Fighting hard to stay strong

Fundraiser to help girl recovering from AV malformations

By: Kristyne E. Demske | St. Clair Shores Sentinel | Published July 10, 2017

ST. CLAIR SHORES — Claire Wyckoff was like any other fifth-grader.

She loved playing outside, riding bikes, roller-skating and more.

But one day in the beginning of December 2016, she came home and told her mom that her arm really hurt. Amy Wyckoff said nothing looked wrong, so they iced it and chalked it up to growing pains. Three days later, however, “we go to take her shirt off and she’s screaming like I pulled her arm out of the socket.”

So Wyckoff and Claire went to urgent care, who sent her to St. John Hospital, where they took an X-ray but didn’t see anything wrong.

“Friday, she went to school, she plays dodgeball (and) she’s the last kid standing,” Wyckoff said. “On the weekend, we alternate between hot and cold compresses, but she’s asking for Motrin every two hours. It’s just not helping.”

And by the end of the weekend, Wyckoff said that Claire was dragging her right leg and holding her right arm at a funny angle.

“I just know, at this point, that it’s neurological,” Wyckoff said.

Her pediatrician sent them to Children’s Hospital of Michigan to do an MRI to see if Claire had had a stroke. The doctors there told the Wyckoffs that they found a lesion on Claire’s spinal cord and she was being sent to the pediatric intensive care unit, but they couldn’t tell them anything else until the morning.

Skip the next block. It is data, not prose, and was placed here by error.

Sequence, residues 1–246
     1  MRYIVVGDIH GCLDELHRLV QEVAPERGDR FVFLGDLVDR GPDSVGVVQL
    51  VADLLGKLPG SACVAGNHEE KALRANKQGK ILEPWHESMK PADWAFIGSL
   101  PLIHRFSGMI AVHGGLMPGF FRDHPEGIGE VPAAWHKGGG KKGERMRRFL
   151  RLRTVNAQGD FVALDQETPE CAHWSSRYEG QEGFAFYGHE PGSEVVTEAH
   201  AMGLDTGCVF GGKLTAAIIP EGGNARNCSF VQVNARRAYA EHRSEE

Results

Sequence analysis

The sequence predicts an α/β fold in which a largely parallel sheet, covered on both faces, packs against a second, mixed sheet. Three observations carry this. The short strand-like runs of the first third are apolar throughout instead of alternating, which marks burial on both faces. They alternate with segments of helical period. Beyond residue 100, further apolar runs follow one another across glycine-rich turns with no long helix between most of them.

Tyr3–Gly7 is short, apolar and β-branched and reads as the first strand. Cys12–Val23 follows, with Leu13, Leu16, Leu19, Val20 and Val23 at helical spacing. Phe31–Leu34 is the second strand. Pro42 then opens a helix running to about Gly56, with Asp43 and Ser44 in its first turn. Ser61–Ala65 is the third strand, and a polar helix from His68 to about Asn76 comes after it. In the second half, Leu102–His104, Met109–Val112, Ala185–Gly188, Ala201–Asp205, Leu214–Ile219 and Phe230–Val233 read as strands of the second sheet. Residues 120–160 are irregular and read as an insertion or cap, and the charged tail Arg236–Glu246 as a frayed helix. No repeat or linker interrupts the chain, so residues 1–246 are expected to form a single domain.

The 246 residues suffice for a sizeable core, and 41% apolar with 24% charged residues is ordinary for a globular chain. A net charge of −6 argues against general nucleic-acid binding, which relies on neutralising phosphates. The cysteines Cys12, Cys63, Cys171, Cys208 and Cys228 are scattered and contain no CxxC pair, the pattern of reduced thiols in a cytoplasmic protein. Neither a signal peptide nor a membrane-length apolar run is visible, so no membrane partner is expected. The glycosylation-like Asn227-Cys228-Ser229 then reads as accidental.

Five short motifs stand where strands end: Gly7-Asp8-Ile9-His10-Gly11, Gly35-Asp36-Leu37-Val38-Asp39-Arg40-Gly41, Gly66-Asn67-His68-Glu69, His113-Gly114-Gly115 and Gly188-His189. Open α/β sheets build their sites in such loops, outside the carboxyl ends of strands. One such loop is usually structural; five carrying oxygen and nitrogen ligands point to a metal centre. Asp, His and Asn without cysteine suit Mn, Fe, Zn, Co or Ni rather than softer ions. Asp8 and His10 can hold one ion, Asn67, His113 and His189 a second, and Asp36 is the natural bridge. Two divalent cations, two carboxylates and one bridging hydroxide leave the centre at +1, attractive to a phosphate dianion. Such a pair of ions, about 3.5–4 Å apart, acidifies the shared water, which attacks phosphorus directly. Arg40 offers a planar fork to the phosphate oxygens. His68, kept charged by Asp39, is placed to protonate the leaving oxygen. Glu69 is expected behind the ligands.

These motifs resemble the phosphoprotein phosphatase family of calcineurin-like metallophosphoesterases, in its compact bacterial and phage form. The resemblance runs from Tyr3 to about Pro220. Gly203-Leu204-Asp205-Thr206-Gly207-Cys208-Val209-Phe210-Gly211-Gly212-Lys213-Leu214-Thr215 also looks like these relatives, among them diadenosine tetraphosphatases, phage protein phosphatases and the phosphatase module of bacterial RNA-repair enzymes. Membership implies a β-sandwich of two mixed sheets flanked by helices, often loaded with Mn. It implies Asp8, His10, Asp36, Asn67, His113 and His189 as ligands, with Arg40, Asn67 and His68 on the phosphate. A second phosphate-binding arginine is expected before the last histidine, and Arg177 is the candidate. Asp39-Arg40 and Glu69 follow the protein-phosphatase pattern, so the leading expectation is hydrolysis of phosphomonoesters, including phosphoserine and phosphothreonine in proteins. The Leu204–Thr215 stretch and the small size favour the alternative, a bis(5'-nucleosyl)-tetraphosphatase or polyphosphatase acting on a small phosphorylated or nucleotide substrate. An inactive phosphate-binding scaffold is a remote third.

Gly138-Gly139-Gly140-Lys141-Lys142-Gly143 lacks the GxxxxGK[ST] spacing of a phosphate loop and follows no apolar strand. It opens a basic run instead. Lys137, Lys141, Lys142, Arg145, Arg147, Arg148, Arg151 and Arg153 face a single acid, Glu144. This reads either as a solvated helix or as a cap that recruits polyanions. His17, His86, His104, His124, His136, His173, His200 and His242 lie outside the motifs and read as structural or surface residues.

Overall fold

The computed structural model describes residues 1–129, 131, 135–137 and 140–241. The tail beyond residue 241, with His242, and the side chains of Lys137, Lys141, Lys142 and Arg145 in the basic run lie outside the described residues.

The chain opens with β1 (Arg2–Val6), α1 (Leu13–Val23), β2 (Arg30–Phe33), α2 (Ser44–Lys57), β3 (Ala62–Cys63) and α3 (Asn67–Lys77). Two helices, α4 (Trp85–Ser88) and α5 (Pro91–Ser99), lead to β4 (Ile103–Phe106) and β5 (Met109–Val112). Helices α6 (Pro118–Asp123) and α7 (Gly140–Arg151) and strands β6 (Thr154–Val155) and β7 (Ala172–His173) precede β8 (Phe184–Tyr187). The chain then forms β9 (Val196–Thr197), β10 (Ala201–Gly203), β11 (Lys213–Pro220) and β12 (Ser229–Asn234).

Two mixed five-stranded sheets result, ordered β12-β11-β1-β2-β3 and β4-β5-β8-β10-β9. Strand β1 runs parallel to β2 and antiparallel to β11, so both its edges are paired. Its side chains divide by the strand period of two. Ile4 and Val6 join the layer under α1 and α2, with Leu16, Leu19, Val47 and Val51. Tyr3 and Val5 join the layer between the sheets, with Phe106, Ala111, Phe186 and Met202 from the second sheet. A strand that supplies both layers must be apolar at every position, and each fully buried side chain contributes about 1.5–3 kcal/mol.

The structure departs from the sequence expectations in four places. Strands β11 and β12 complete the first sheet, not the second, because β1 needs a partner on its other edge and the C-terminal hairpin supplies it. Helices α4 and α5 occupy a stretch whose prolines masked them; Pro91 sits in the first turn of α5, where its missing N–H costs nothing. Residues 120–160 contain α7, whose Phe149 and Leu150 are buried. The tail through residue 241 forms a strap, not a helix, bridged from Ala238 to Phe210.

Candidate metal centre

“I have never felt such extreme fear in my whole being,” Wyckoff said.

Claire was diagnosed with an arteriovenous malformation of the cervical spine Dec. 5.

According to Johns Hopkins Medicine Health Library, AVMs occur when the connections between veins and arteries don’t form correctly and become entangled. In the spinal area, they can cause problems with circulation because the AVMs interfere with the body’s blood flow. While arteries normally transport oxygen-rich blood away from the heart to cells throughout the body, the malformations of the arteries and veins in spinal AVMs don’t allow this to happen because of missing capillaries, which regulate blood flow.

Typical symptoms of AVMs include muscles that feel weak or become paralyzed; problems with balance and coordination; and pain, tingling or numbness throughout the body.

Claire’s AVM was in the neck region of her spine. She had surgery Dec. 15 to remove it, which took 3 1/2 hours. After surgery, she was paralyzed.

“She can’t use her right side, she’s incontinent and she can’t walk, she can’t use her right arm. Can’t move the fingers,” Wyckoff said.

Not one to be daunted by challenges, Claire underwent extensive therapy and was able to leave the hospital continent and walking short distances in February. She was even able go back to school at Harmon Elementary in Lakeview Public Schools three times a week while undergoing outpatient therapy treatments twice per week.

In April, Claire had a follow-up angiogram to check for healing. That’s when doctors found a second AVM.

“The first time, it ruptured. It bled into her spinal cord, and nerves don’t do well with blood. That’s what causes the pain,” Wyckoff said. “The second one that they found, they didn’t find initially because of all of the inflammation from the first bleed.”

The second AVM was much smaller, but Wyckoff said that actually wasn’t good news because smaller AVMs typically bleed quicker and tend to rupture. So on April 12, Claire went back in for another surgery, this one taking 12 hours. Doctors found a feeder connected to the second AVM that could have created another malformation, and they removed that as well.